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Show HN: Automatic detection of non-colorblind safe colors (vis4.net)
87 points by gka 10 months ago | hide | past | web | favorite | 29 comments



Really cool. I showed the a11y geeks in our design group this and they're already thinking about approaches they could take to embed this into the CI process for our UI libraries.


An interesting question might be, which is the best approach: having designers alter their designs (which means everyone is affected), vs. client side settings that alter the appearance just for those affected?

I just am not so fond of the idea that all designs must be compromised (both aesthetically and functionally) for everyone else, if there are solutions that work as well without affecting everyone.


Disclaimer: I'm colorblind.

There are SO MANY designs that use indistinguishable colors for no good reason at all. It's perverse that League of Legends uses blue and purple as its team colors—literally anything else (blue and red is my vote) would be easier for many colorblind users to tell apart. And a lot of heatmaps use gradients that go from blue to purple or from red to green…why‽

I'm willing to admit that the very occasional design might Really Just Work Better with particular colorblind-incompatible colors, but I feel like I'm being affected by it awfully frequently. The primary point of design is to communicate information; why restrict a substantial minority from easy access to that information?


Red and green are particularly easy to distinguish for people with normal vision because the sensitivity spectra overlap so much. So when you don't consider colorblind people it's a very natural choice.


It's also fairly easy to have a colorblind mode that swaps the pallet to something. People generally only have 3 color receptors, but color blind people don't all share the same 2.


League of Legends offers a colorblind mode in game that does exactly that - changes the teams to Blue and Red from Blue and Purple.

IIRC, they even use that mode for their E-sports tournament streams - but I might be wrong on that as I haven't watched any LoL tournaments in quite some time.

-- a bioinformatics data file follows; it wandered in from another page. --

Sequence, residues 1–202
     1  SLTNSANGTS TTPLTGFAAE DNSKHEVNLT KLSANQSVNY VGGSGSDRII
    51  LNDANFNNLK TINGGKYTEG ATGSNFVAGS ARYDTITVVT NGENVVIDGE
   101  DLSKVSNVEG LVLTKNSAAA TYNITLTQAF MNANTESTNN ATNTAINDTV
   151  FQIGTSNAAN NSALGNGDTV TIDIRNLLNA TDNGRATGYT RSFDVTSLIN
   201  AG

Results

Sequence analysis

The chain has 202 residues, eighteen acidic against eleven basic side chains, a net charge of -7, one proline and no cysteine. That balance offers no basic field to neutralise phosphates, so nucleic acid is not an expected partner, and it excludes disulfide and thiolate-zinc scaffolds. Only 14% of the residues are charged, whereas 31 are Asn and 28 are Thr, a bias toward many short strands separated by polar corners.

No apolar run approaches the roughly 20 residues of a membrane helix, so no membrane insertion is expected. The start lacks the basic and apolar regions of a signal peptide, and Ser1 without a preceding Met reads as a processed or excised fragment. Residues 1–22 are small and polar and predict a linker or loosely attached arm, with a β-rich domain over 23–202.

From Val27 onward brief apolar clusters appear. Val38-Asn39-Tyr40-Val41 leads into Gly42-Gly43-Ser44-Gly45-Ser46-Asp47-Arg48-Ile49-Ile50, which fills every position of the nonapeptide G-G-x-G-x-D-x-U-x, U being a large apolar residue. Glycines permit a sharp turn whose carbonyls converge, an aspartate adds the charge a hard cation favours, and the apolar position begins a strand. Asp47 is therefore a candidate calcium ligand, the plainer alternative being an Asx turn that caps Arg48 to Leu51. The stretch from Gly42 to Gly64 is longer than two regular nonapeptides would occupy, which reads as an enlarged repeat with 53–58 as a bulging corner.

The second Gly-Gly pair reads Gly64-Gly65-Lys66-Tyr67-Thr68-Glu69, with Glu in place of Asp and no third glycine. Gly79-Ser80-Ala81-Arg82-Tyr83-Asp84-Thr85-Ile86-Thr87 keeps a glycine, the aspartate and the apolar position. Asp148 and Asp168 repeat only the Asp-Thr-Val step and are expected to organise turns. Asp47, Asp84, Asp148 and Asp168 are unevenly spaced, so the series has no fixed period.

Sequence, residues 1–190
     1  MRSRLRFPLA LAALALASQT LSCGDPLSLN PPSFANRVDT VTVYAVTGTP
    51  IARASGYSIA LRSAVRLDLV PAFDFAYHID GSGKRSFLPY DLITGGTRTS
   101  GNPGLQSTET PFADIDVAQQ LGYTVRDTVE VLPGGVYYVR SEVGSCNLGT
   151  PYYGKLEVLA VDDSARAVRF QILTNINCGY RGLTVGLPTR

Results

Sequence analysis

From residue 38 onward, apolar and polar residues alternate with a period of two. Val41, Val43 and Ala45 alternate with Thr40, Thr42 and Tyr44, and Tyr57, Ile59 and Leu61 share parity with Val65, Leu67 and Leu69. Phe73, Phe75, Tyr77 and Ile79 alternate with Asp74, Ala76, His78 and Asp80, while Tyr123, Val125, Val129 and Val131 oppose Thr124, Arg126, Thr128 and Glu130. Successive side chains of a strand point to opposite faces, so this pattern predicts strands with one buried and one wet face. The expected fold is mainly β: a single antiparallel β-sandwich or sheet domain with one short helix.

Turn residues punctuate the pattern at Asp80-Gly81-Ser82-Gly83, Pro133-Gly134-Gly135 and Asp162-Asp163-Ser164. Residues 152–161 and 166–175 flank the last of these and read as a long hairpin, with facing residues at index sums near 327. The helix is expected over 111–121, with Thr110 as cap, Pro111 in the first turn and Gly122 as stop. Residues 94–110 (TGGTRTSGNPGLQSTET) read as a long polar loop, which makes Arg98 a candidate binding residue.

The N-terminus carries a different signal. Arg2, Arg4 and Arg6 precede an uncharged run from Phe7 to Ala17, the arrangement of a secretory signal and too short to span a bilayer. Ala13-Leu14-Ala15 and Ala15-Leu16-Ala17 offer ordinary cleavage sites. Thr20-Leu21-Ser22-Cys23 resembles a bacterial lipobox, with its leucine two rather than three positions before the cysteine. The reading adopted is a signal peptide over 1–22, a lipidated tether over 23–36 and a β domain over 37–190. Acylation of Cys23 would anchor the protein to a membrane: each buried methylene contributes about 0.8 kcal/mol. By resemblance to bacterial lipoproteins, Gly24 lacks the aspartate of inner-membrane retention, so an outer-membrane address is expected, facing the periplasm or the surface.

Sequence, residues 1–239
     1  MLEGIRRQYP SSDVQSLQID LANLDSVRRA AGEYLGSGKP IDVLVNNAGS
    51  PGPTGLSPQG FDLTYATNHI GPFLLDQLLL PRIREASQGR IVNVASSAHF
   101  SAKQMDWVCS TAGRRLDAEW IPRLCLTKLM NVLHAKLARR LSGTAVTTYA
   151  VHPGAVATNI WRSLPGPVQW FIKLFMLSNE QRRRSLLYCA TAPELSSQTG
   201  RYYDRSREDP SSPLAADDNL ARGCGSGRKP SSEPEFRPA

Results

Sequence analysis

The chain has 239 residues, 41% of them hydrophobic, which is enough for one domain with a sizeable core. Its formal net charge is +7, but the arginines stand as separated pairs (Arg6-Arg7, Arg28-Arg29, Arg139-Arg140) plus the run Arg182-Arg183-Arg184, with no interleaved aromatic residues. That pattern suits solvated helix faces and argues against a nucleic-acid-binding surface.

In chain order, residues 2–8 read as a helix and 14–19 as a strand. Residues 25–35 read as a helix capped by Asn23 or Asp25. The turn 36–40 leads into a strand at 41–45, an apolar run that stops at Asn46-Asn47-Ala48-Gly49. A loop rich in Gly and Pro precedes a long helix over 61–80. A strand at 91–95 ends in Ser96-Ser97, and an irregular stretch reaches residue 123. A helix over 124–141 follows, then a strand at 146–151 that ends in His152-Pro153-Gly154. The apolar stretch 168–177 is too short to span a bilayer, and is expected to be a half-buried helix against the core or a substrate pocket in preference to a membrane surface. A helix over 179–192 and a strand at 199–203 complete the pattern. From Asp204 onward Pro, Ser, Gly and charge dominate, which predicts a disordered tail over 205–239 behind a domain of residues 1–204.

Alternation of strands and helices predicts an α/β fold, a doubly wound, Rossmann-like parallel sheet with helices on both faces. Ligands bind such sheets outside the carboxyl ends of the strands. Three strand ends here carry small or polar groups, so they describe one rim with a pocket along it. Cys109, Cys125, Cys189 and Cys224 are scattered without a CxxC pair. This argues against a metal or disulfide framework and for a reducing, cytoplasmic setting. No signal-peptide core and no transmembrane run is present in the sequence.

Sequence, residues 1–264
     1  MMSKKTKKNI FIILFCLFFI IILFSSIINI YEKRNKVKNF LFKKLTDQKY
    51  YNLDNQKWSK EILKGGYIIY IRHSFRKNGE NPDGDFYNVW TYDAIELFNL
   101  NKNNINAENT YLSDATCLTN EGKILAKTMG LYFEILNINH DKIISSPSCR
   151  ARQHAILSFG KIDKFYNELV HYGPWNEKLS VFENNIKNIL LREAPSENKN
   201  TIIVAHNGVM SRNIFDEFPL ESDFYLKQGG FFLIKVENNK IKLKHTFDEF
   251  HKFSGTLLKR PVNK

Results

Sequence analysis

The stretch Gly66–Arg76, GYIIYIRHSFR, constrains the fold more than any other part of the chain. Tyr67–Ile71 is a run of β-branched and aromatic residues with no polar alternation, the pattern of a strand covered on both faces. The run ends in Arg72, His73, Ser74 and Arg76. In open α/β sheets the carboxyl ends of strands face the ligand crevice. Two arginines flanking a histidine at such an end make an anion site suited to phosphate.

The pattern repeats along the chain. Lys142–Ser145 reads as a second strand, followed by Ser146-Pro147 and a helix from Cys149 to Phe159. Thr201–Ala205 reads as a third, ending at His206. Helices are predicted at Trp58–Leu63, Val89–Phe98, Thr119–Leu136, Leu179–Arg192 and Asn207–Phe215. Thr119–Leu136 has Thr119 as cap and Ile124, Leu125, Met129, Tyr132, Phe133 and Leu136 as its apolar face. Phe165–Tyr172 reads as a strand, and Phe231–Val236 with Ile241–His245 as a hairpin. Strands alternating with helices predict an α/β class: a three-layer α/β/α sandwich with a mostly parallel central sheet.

E: Just tuned into the EU LCS to take a screenshot - and it has colorblind mode on: https://vgy.me/ijQgrR.png


World of Warcraft got colorblind mode in patch 6.1 (around feb 2015) [1]. Before that, one needed to achieve this via addons (with varying effect).

[1] https://worldofwarcraft.com/en-us/news/17964863


I'm not colorblind and I use colorblind mode just because I think it looks better!


Your comment reminded me of the talks on the issue of information display for Matplotlib[0][1]. I think a lot of design is done without awareness of accessibility and this is more broadly a cultural thing than a technical thing. The situation can be improved both by technical means (OS or hardware awareness) as well as by our collective education about what kinds of issues designs should consider. Typically, designs become better when they account for accessibility, but it is oftentimes seen as a hurdle when a designer or developer has not heard about the issues and also is not equipped with tools to handle them. Having good tools is helpful here. The situation seems to be improving, but it will take time.

When I was in elementary school, you had to special order large print text books, audio books were available, but required special tapes & players. A portable CCTV could be used to magnify small print. All of this equipment was specialized, expensive and hard to come by for most people. All of this has been replaced by features built into my phone. Special shoutouts to the "Zoom" app on iOS, that thing has color filters for people with color sensitivity issues and enhanced text rendering for small print (unfortunately, it's buggy and crashes sometimes), but it is much better than littering my camera roll with random pictures of menus or the bottom of routers just so I can zoom in on some numbers.

[0] https://www.youtube.com/watch?v=xAoljeRJ3lU [1] https://www.youtube.com/watch?v=XjHzLUnHeM0


FYI, recent versions of iOS have a zoom / light / color-swap tool built in. You can enable it in Settings => General => Accessibility; it's called "Magnifier".


Ah, had the wrong name, but that's what I was referring to with my discussion of "Zoom". I love the magnifier and use it all the time.


The author uses CMC I:c (and somewhat incorrectly claims it's also called Delta E, which normally refers to one of the CIELAB metrics). Then he notes the asymmetry of that quasimetric, and a workaround -- averaging the C1,C2 and C2,C1 distances.

I wonder if perhaps he would be better served by simply using the actual "Delta E" metric, specifically ΔE*₀₀, which doesn't have this symmetry problem?

PS. Sexy interactive color matrix table. Small error in the text below -- values >=40 are highlighted, not >45.


Author here, thanks for the feedback.

Well the only thing I know about DeltaE I know from Bruce Lindbloom's website, where he uses the terms interchangably. http://brucelindbloom.com/Eqn_DeltaE_CMC.html

But I'm happy to try out the CIELAB deltaE as well. I can already see another dropdown for comparing difference metrics coming up :)

Will fix the text error you found.

--edit: after reading again I see that he used DeltaE as a sort of broader category. worth fixing as well